Calpe is a small town on the Mediterranean coast of Spain, in the Alicante province near Valencia. It’s most remembered for the Penyal d’Ifach, the northern counterpart to the south’s rock of Gibraltar. This photo was taken as I ascended the Penyal d’Ifach, looking down at the resort and ocean below. The rock is also a protected bird sanctuary, and so the prevalence of birds in nesting season made it impossible to get a picture without a bird in the shot (or, alternatively, dive-bombing me and my tripod). Of course, I was too much of a scaredy-cat to ascend the entire rock, but I was quite content with this view of clear blue skies and even bluer waters. Advertisements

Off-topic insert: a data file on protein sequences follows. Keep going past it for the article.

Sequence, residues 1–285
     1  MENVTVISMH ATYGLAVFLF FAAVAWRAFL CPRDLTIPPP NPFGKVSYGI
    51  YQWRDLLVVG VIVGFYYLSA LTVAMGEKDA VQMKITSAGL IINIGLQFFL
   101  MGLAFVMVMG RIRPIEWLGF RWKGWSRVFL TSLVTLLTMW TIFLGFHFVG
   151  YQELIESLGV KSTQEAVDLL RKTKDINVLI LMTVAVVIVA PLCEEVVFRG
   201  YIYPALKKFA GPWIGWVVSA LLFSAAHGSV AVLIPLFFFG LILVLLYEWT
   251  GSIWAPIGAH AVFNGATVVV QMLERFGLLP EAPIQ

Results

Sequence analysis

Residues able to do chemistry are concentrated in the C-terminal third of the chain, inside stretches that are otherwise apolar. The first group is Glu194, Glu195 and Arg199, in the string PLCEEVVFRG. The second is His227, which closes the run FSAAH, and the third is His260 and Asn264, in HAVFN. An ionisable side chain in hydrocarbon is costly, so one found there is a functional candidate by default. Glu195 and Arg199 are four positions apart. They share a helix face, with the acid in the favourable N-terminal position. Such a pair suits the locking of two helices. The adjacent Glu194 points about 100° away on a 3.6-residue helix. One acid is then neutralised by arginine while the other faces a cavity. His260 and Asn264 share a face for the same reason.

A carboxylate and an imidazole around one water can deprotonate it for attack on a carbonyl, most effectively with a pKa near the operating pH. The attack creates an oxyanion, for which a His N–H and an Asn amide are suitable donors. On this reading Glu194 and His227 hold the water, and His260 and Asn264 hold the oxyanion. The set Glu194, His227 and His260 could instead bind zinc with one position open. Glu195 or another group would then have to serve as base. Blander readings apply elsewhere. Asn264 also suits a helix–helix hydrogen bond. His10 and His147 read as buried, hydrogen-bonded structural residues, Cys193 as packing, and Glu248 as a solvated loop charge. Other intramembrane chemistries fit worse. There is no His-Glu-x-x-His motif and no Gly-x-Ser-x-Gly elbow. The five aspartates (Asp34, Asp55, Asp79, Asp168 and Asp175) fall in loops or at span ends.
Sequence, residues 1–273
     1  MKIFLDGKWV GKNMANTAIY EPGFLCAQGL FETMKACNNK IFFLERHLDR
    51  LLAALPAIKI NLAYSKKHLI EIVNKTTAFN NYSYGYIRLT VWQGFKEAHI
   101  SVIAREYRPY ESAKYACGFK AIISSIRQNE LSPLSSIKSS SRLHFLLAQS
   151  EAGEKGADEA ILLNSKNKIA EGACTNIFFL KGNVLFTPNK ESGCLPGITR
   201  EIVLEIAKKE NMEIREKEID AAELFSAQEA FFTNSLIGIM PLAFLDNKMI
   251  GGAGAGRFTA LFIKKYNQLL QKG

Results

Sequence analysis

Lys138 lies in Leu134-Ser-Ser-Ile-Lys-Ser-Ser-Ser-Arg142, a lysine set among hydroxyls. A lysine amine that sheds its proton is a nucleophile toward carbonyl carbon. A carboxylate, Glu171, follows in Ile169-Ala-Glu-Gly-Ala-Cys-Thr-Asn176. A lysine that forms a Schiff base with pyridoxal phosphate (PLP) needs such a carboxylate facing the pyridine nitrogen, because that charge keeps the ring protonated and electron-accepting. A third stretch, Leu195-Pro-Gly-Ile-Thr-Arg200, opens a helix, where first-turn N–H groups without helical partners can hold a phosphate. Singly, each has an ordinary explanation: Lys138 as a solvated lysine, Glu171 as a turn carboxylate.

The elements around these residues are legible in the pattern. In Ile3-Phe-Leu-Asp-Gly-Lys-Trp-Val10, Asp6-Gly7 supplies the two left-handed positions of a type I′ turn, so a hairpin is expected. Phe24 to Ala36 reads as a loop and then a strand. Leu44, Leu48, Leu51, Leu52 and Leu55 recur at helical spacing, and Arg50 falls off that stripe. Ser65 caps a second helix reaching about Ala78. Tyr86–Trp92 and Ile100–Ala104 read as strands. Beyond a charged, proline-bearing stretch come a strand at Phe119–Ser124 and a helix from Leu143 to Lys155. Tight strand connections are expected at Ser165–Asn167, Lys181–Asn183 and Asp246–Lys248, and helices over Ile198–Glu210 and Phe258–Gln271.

On our brewery-inspired Denver adventure, we took a day trip to Boulder, Colorado to get a taste of the Rocky Mountains in the American mid-west (and a taste of more beer too, of course). The Flatirons are a symbol of Boulder and a staple in Chautauqua Park. Chautauqua was an adult education movement that began in New York, highly popular in the late 19th and early 20th centuries. Chautauqua, according to Theodore Roosevelt, was the “most American thing in America.” While the Flatiron mountains are not as high or grand as the mountains I’m used to in the Albertan rockies, they have a unique shape and character. Whereas the trees at home were bare, these mountains were embraced by autumn leaves at even October’s end. We hiked around for a bit, enjoying the warmth before we decided that beer was calling.